An interesting prose book about ExtraOrdinaries… a kind of super, in a world where they’re hidden, mostly unrealized. It’s a darker, almost dismaying version of super heroes… which makes it feel real, authentic. Victor and Eli both feel like ambitious, driven… entitled, jerky guys. They feel right for college age guys.
The book is two tracked for the first half; a current and 10 years ago. It then shifts to current and moves forward only (though there are a few flashbacks still). It features multiple, engaging POVs… I liked it. It’s a complete book–a complete thought–but it sounds like there are sequels planned. I’ll keep an eye out for them.
These two books are the sequels to Patrica Wrede’s The Thirteenth Child. Each is well written and largely self-contained. There’s continuity, but most of the threads wrap up at the end of each book.
These two books cover much shorter spans–not a whole childhood, only a year or two per book. In each, Eff grows, changes, and understands something new. She’s a great character, and it’s a pleasure watching her come to maturity. The west proves fascinating to explore alongside Eff and her friends.
It’s a world of wonders, but also of early industrial grime, some magic and early science, airships, assassins, infernals, and intrigue. The book was a quick, easy read–and never quite simple. Neither Caskandia nor the Dallows are noble–they’re trapped in a bitter war (or its immediate aftermath–there a pause in the fighting as the book opens), and reach for underhanded methods to advantage themselves. Methods like kidnapping our heroine Octavia, a medicant–a healer.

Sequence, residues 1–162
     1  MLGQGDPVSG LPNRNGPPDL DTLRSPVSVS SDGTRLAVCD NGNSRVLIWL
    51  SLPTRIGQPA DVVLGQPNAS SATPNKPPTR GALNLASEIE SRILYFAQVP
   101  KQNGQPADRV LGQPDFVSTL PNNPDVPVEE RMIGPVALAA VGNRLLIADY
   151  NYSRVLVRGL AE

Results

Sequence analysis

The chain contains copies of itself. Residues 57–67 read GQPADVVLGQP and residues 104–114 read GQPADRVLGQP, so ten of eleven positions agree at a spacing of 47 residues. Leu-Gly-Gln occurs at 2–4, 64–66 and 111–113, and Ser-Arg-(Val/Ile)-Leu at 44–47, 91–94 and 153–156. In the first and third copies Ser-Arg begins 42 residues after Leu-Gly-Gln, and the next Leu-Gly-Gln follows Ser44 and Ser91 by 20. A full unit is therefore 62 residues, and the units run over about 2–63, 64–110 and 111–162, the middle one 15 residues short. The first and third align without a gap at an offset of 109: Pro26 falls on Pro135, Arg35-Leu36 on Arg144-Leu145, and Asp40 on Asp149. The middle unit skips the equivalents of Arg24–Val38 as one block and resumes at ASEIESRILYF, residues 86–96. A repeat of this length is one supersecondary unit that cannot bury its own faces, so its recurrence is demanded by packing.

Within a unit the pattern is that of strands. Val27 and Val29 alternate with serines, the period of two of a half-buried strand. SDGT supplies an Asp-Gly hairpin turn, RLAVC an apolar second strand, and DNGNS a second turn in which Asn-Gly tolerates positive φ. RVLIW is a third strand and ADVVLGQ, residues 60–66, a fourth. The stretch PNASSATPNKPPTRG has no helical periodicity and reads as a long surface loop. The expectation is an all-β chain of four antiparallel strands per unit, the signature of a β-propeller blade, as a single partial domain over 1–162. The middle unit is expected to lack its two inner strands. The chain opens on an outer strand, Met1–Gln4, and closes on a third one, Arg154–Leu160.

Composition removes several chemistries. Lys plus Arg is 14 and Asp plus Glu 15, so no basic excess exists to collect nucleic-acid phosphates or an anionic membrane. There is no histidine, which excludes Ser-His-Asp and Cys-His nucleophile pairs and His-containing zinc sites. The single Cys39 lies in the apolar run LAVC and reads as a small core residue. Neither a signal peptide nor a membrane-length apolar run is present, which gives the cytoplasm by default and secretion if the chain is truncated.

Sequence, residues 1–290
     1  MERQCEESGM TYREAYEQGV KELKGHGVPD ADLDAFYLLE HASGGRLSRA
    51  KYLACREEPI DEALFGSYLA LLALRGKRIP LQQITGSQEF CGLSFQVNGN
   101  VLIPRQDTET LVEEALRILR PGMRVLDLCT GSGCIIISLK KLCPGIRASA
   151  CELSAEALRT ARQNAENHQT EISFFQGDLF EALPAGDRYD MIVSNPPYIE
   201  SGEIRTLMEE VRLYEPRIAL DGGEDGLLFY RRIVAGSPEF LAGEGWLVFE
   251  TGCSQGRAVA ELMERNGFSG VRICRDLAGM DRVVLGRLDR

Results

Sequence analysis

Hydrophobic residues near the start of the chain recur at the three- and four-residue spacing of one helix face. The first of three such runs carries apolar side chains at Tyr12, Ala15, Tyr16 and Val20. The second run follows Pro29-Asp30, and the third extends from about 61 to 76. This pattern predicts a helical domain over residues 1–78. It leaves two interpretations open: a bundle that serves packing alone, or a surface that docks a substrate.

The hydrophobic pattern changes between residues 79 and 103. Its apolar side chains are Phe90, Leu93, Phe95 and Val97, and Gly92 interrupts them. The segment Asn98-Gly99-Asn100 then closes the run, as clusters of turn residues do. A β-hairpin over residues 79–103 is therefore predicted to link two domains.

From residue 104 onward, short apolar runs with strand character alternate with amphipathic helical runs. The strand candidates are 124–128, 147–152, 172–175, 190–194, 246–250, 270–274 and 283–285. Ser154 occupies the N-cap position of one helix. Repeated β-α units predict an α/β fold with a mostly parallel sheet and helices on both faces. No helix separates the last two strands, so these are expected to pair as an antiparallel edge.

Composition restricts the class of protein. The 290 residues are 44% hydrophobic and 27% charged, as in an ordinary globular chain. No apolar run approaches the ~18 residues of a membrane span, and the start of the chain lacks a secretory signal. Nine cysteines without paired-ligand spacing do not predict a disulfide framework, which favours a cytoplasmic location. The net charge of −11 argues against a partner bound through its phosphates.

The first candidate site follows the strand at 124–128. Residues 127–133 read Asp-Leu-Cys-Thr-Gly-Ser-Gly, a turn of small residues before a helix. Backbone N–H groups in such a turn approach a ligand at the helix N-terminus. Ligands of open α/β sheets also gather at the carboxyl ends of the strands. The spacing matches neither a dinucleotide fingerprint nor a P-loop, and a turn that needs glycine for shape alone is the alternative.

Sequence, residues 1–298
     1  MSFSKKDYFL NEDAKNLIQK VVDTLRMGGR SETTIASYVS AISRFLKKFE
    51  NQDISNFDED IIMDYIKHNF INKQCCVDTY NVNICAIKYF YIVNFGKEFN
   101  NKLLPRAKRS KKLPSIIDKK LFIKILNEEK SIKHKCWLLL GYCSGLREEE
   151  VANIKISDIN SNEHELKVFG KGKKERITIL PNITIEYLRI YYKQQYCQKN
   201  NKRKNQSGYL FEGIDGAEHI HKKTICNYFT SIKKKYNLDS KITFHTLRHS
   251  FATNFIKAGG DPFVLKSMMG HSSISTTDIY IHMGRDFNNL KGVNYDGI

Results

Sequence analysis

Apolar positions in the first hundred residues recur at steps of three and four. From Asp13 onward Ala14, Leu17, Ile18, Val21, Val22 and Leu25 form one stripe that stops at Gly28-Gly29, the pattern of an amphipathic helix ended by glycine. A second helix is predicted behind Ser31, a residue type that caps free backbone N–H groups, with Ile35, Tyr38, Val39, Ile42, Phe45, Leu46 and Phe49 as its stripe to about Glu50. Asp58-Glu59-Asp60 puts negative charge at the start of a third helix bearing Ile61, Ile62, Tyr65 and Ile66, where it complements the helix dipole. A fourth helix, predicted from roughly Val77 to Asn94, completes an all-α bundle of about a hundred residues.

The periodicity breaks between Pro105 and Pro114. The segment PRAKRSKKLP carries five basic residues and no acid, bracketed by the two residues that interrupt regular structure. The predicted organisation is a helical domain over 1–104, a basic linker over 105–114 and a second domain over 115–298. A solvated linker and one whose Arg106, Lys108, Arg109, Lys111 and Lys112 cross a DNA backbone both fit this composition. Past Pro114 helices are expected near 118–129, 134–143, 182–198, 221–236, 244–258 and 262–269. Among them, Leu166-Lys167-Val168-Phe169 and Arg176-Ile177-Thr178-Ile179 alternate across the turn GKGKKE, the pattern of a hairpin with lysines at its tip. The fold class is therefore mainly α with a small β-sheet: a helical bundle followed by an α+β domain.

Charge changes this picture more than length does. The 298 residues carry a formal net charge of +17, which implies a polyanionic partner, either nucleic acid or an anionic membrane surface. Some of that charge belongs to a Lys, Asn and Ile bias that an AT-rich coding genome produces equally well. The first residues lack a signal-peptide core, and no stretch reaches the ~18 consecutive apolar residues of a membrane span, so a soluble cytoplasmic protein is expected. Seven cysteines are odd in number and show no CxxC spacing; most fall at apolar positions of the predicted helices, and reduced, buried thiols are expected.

There are lots of interesting things to the book. Centering the book on a healer, someone who is compelled to heal, even at great inconvenience to herself, is an interesting choice. She’s powerful (and revealed to be uniquely so as the book goes on), but she’s not winning wars or decimating her foes with powerful spells.
The religion of the tree is interesting; Octavia’s a true believer–for good reason–but society around her mostly dismisses worship of the tree as superstition. There’s action and risk, and Octavia does rely on others for most of the fisticuffs… but it’s never not an adventure because she’s not leading the charge.
The book is complete enough to stand alone–the dangling threads can be picked back up, but the book doesn’t feel incomplete, or like the heart of the story is still untold. Instead, she’ll be off on another adventure… in The Clockwork Crown.
Despite the praise above… I may be entering the end of my cyclical fiction reading phase. I don’t feel a strong draw to pick up the next book, despite suspecting that it’ll be a fine book, with even more authorial skill behind it.